December in Ireland and the promise of golf seems a distant land. But all is not quiet for Mallow’s James Sugrue, the British Amateur champion. The rewards from that amazing win keep on coming and this past month has taken him on a circuit of award ceremonies.
Nominated for Cork Person of the Year, Sugrue was named Men’s Amateur of 2019 by the Irish Golf Writers’ Association. The week before Christmas, he stayed over in Dublin following another end of year bash and that night, he mixed with stars from other codes, among them household names of Gaelic games.
“You eventually made it to Croke Park,” his father, Mick, teased beforehand.
Before this strapping young man of 23 won renown as a golfer, he hurled with power and aplomb. Sugrue played for his county at underage level and still carries a hurley with him to golf tournaments. Easy to picture him, standing 6’2, in Cork colours when he pucks about after rounds.
Portmarnock, glorious as ever, was the stage for his remarkable triumph during the summer. At the beach nearby, Sugrue spent those evenings pucking a sliotar with his caddie, Conor Dowling and though the world around him has changed, he plays life much the same.
“It’s not like I’ve tried to reinvent the wheel or anything,” he says.
That ‘maybe’ makes the point sound debatable. The second half of his season passed in a whirlwind and next year beckons with promise on all fronts.
“What’s to come is really exciting,” said Sugrue: “I’m looking forward to the year ahead. Time to go out and enjoy myself.”
The Sugrue roadshow moves across the Atlantic in 2020. First stop is Augusta, Georgia for The Masters in April; New York comes next on the schedule where at Winged Foot in June, a vocal Mallow clan will join one of golf’s most enthusiastic galleries
Last July, the family decamped to Portrush for The Open. The previous month had featured those magical days at Portmarnock when Sugrue rose to the top of the game.
He struggled to find adequate words at the time: “It’s so hard to believe that I’ll be going to The Open and The Masters. There’s lots of pros that play their whole life and don’t get to play in a Major. Now I get to play in three of them.”
Victory that week moved him into golf’s upper echelon. So many doors opened: US Amateur, Walker Cup, all those Majors.
At Portrush, for the Open, he prepared in the company of Shane Lowry: “I played a few of my practice rounds with Shane. It was unreal.”
That was just the beginning. When the British Open was finally staged on these shores, 68 years after its last visit to these shores, Sugrue was first out, playing alongside Darren Clarke. Day one, he hit full stride. A round of 71, achieved on high emotion, pitched him right into the mix.
The following day, his momentum continued. Five holes from the finish, Sugrue was under par and coasting, weekend ticket almost secure. But his bid was soon to come unstuck: “That tee shot on 14, I’ll never forget,” Sugrue recalls.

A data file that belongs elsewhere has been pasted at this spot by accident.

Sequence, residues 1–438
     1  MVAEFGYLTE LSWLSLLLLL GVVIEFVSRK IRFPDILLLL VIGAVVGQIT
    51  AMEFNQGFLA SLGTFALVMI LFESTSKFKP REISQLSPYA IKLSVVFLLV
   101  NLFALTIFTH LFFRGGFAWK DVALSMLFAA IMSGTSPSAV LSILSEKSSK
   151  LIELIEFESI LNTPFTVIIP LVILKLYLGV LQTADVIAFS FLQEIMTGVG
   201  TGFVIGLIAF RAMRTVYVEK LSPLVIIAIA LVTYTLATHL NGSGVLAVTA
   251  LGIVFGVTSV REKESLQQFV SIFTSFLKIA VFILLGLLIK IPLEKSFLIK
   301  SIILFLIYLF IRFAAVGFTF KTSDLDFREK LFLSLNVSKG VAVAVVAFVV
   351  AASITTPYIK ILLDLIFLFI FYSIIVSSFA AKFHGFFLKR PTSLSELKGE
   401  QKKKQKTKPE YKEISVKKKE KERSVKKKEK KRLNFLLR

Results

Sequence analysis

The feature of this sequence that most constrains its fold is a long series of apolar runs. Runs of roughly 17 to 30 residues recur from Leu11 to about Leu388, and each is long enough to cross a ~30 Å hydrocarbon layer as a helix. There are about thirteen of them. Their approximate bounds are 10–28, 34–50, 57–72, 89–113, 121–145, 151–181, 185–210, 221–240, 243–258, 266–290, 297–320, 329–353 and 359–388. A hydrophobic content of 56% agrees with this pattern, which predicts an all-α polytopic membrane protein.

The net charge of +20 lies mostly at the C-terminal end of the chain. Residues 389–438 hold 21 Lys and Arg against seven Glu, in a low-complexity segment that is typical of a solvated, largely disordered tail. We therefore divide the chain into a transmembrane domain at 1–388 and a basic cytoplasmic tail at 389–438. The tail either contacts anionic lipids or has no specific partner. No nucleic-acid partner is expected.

His wayward drive flew down the right-hand side of the 14th fairway. An army of marshals and spectators combed the rough but his ball could not be found and Sugrue was forced to sign for a very damaging seven, and a two-round total of 144 that left him one shot outside the cut: “It would have been nice to be there on Sunday with Shane lifting the trophy and maybe me getting the silver medal but it wasn’t to be.”
As the New Year approaches, he casts his mind back to Portmarnock Golf Club and his heroics on that sun-kissed day.
“It was unbelievable,” Sugrue recalls: “I had never played in front of crowds that milled around. Sometimes, when you’re going back to get a line, you might even bump into someone. To have people from my club and friends, even members from Portmarnock that I knew, out there supporting me was unreal. Euan Walker, my coach, and mam and dad were there. Everybody was Irish or from Mallow.
A collection of key moments from his British Amateur win are worth recalling and highlight what a precarious route he had to navigate. After progressing from strokeplay, qualifying with one shot to spare, he inched his way through by birdieing the final hole, while the knockout stages were littered with potential pitfalls.
He had to win the last four holes in the second round to beat England’s Harry Hall and tougher still was his quarter-final against Dutchman Koen Kouwenaar, where he birdied 18 to square the match before winning at the first extra hole. Sugrue then beat Australian David Micheluzzi, the highest-ranked player in the field.
In the final, he appeared to be coasting: “I was five up through nine and I thought I was safe.”
But his lead gradually eroded until, amazingly, the match turned all square: “I was saying to myself: ‘You’ve half thrown this away.’
But down 17, Sugrue wrested back control. His opponent went right off the tee — a no-go area that week — and the home favourite pounced with a winning par.
“I drove the ball really well,” Sugrue reflected.
“That was probably one part of my game that helped me to the win.”
There was another hidden ingredient — food. Each day, after golf, he dined out at Five Guys in Swords: “I’d be lying if I said I went for a salad,” he admits.
“Straight into Five Guys for two patties, large chips, and a milkshake to wash it down.”
That tale is very revealing: Whatever way the world spins, James Sugrue retains a slight tilt: Unaffected and content with his lot.